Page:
Uduak admits that she does not face many of the same challenges that plague other women throughout West Africa and she has been able to accomplish much with the support of her family, especially her husband. But a growing middle class in the region is becoming an important part of its development, especially if, like Uduak, they use their influence to elevate others.

Part 5: The Ambassador

Since the independence movement in West Africa, Senegal has long been considered a regional leader in many respects: in democratic governance (three for three in peaceful transitions of power between presidents); in stability (no coups d'etats or large-scale ethnic conflicts); and in gender equality (short of president, women have occupied the highest offices in the land and a parity law requires that half of every party's candidates for local and national office be women).

But in the development of a country — even one that seeks to incorporate ethnic minorities and women — some groups can be left behind. Too often that includes the disabled.

For example, there is no law in Senegal that protects albinos, despite the discrimination and threats that they face. These come most often in the form of alienation and harassment, but physical and sexual violence, committed out of belief that such acts can resolve problems for or cure illnesses of the perpetrator, is a real fear among this community.

Albinos also face serious threats to their health in a country where the sun shines more than 300 days out of the year. And they are further exposed due to discrimination. It is hard for them to find jobs and many are forced to beg outdoors for a living. That combined with the fact that protective products for the skin are prohibitively expensive greatly exacerbates the risk of melanoma in Senegal, which kills more than 30 albinos a year there.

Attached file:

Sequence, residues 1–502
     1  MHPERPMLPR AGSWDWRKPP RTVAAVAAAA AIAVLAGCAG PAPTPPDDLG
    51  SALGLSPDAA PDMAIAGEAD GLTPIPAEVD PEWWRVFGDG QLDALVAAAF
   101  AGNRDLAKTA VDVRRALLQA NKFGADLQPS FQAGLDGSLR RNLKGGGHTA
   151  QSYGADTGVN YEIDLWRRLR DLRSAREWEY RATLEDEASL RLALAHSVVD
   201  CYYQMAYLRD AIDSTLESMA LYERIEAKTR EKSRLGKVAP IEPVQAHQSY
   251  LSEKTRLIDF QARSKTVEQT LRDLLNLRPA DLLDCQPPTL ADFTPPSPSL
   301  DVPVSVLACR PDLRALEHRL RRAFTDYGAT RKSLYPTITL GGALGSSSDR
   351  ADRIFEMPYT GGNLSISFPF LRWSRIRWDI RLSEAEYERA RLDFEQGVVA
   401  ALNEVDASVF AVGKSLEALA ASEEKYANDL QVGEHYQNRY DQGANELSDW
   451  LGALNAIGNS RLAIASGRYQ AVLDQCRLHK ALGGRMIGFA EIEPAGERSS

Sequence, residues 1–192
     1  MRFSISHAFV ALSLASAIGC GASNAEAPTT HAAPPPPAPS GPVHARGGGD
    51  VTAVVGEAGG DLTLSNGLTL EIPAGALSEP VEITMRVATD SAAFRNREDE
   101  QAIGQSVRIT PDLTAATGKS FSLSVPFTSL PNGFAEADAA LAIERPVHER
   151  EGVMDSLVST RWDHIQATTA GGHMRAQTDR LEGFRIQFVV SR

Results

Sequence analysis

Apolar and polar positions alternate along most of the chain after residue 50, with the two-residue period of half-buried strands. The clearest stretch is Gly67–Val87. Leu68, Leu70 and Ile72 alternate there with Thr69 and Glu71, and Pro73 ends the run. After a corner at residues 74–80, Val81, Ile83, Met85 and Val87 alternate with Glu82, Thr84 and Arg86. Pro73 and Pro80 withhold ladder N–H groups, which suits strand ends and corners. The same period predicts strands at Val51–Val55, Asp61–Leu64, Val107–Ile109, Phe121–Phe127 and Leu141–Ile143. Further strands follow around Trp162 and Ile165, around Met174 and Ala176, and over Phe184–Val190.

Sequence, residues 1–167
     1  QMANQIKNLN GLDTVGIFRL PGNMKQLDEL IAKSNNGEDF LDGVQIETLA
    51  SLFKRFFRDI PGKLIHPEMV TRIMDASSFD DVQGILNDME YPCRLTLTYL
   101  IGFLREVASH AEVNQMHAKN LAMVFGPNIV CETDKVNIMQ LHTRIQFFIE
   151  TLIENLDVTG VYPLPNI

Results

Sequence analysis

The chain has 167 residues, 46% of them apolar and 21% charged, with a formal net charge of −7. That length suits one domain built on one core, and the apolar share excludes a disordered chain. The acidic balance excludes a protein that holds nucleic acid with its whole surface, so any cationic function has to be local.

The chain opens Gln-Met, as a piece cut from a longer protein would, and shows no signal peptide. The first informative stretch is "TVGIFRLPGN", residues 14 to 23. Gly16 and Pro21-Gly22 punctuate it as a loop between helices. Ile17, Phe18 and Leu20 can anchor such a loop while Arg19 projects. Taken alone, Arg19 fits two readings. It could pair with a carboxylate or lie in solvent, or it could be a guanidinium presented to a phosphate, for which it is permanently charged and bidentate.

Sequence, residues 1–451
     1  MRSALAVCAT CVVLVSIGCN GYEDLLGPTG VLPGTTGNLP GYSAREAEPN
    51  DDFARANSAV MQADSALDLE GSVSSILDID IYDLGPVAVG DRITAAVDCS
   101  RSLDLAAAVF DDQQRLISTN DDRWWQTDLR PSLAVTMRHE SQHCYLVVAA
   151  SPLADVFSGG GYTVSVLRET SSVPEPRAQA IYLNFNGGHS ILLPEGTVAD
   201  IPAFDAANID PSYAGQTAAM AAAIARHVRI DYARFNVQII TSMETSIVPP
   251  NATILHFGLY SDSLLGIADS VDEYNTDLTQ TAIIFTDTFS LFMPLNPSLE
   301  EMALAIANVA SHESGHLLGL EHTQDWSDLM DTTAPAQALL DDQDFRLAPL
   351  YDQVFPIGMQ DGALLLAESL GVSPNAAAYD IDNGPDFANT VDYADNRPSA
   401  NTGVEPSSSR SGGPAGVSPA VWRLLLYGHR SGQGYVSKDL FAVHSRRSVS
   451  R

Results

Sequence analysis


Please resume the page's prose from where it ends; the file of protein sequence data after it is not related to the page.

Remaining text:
"[My brothers] told me that, in spite of my condition, I can succeed in all aspects of my life."

Maah Koudia Keita

When Maah Koudia Keita speaks of her condition, she means her albinism. Yet being a woman with a disability is even more debilitating in Senegal — which remains a traditionally-patriarchal society in spite of recent steps toward gender equality.

For these reasons, Maah was a shy child. She was teased "like all albino children, except," she says, "when my brothers were around." With the support of her family, especially her siblings, she found the courage to speak out, defend herself, stand on stage in front of thousands, and address cameras that would reach millions.

Maah greatly admired her brother, Jac, and when he started playing guitar, so did she. But when the time came to start a band, the family needed a bass player. She took on the role soon understood why it had a reputation as a masculine instrument. It took more strength to hold and manipulate the instrument than her small frame could produce at the time.

Still, she trained her body, her fingers and her mind to master the instrument to match her brothers' level and complete one of Senegal's most successful musical acts: Takeïfa.

It was from this platform that Maah decided to make her stand. She always felt a humanitarian impulse. While her grade school classmates valorized Barbies and the Power Rangers, Maah begged her parents for a UNICEF backpack. But now that she was in a position to help, there was no question where she would direct her efforts...

Again with the help of her family, she created Care Albinos in 2013 with the aim of providing access to health care, skin care products and psychological support to albinos throughout Senegal, especially children. Using her status as a celebrity (she is the only professional female instrumentalist in Senegal), she also does a lot of media to create a bridge between albinos and the general population.